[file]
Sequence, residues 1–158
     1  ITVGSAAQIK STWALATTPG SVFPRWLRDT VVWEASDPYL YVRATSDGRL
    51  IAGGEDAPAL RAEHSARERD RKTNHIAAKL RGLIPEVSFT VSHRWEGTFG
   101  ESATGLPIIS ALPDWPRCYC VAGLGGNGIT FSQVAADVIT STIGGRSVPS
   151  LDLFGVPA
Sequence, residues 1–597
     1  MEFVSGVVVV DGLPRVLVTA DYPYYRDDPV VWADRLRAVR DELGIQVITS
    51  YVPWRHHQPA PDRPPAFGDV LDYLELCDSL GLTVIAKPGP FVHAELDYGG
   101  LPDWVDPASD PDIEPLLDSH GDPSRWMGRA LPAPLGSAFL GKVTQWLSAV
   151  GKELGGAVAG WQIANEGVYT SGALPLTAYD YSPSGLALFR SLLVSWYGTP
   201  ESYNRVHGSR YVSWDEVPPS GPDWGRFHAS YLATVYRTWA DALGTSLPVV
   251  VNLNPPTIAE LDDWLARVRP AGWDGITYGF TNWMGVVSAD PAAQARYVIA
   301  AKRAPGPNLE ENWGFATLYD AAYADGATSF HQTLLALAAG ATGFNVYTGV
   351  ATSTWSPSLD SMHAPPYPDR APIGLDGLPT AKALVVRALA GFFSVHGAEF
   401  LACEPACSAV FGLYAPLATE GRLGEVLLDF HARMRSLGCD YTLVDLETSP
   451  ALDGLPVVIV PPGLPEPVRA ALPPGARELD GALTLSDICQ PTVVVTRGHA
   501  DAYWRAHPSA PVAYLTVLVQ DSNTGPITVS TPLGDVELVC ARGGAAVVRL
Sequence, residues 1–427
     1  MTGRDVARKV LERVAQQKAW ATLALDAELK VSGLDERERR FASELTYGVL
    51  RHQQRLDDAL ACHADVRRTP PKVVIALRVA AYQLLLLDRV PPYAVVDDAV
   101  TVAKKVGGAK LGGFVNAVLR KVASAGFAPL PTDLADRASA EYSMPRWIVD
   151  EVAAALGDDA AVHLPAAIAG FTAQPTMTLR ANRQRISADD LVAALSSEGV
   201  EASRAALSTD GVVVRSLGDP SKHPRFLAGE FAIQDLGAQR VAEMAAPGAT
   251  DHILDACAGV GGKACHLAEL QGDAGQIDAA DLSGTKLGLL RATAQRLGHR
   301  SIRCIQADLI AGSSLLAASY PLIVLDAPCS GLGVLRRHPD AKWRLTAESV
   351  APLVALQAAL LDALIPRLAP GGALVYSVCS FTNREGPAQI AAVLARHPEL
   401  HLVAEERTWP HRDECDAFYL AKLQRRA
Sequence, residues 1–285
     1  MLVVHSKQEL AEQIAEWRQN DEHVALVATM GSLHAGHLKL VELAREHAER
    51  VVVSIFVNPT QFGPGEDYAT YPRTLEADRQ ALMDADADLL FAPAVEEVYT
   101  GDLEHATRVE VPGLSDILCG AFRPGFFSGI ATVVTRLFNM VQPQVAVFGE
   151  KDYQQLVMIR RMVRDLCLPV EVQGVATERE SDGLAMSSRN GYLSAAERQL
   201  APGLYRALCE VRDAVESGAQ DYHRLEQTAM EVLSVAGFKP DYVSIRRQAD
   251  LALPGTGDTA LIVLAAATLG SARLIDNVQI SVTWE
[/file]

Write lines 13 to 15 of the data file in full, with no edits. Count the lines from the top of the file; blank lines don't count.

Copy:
   301  AKRAPGPNLE ENWGFATLYD AAYADGATSF HQTLLALAAG ATGFNVYTGV
   351  ATSTWSPSLD SMHAPPYPDR APIGLDGLPT AKALVVRALA GFFSVHGAEF
   401  LACEPACSAV FGLYAPLATE GRLGEVLLDF HARMRSLGCD YTLVDLETSP